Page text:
Study: Immune Cells outside the Brain may Regulate Propensity to Develop Depression

 – December 13, 2013  –– 

A new study shows that immune cells outside the brain may regulate propensity to develop depression. The data were presented today at the American College of Neuropsychopharmacology (ACNP) Annual Meeting. In a study, led by Georgia Hodes, MD, Postdoctoral Fellow of Neuroscience at the Icahn School of Medicine at Mount Sinai, the effects of the circulating pro-inflammatory immune chemical called interleukin-6 on depression-like behaviors was investigated in rodents. The investigators found that rodents with increased propensity to show depression-like behaviors had elevated levels of circulating interleukin-6, suggesting that individual differences in the peripheral immune system contributes to vulnerability to developing depression.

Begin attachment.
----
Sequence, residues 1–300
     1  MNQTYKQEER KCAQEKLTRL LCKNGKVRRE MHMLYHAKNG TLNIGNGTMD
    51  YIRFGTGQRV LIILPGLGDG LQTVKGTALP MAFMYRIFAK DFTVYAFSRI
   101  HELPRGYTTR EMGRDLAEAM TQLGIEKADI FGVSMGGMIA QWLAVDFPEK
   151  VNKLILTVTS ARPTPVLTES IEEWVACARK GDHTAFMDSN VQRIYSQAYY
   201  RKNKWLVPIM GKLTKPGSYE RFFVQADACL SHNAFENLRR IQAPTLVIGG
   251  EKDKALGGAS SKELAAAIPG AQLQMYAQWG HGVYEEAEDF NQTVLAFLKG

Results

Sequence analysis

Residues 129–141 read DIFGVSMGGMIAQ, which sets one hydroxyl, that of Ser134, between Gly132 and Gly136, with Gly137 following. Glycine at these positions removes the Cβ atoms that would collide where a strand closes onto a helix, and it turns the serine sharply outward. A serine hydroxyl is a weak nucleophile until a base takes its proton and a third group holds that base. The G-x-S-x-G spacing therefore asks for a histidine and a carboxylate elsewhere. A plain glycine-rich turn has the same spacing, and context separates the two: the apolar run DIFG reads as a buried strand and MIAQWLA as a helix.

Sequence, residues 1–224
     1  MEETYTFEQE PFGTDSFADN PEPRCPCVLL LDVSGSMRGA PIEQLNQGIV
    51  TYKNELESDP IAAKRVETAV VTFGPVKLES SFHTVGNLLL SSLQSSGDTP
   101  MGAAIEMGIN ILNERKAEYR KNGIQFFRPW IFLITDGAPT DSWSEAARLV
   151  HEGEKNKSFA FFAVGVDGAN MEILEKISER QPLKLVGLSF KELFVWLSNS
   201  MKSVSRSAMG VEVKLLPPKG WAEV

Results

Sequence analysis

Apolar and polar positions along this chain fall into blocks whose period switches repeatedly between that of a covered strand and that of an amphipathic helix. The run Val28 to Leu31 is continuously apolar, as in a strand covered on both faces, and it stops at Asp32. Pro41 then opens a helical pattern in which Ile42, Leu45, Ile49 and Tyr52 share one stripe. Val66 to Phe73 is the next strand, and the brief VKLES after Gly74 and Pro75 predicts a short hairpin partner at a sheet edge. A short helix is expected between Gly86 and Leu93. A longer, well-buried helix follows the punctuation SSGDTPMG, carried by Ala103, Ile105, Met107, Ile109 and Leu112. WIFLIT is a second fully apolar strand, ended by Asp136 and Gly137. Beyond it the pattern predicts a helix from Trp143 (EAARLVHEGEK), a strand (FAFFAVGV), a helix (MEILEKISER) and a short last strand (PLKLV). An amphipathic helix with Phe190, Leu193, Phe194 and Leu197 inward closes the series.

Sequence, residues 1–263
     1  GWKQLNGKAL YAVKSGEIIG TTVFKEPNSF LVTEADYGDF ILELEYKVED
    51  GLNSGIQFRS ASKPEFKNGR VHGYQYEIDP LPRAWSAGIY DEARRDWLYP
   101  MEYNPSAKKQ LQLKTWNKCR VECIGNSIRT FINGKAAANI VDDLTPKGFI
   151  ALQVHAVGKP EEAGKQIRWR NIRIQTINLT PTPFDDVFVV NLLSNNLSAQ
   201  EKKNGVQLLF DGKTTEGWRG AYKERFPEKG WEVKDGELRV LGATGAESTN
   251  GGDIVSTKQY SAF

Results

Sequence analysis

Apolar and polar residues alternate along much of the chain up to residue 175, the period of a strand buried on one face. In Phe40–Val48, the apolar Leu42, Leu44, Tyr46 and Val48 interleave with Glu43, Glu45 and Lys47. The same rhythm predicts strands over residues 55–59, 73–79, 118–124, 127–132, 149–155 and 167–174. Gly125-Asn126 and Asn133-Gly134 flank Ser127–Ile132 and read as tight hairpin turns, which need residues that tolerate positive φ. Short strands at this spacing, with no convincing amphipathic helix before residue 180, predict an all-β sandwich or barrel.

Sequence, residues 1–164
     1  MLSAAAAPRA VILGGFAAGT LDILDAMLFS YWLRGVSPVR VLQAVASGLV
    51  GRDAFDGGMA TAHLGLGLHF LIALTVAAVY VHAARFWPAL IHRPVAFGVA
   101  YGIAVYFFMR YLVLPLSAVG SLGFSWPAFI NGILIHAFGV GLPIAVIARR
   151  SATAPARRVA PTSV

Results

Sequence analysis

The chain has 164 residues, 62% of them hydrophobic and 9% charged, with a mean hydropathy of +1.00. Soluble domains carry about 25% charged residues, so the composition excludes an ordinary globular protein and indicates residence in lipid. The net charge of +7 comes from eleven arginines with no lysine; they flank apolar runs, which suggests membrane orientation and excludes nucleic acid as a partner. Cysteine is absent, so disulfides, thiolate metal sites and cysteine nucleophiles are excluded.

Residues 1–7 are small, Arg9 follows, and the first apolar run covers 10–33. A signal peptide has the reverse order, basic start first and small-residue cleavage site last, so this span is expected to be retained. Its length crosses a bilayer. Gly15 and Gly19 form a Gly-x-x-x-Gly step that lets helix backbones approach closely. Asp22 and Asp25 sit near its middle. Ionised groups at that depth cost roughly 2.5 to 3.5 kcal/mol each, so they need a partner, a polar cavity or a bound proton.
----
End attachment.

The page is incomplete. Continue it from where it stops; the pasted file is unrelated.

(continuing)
-Dr. Georgia Hodes, Postdoctoral Fellow, Neuroscience, Icahn School of Medicine at Mount Sinai

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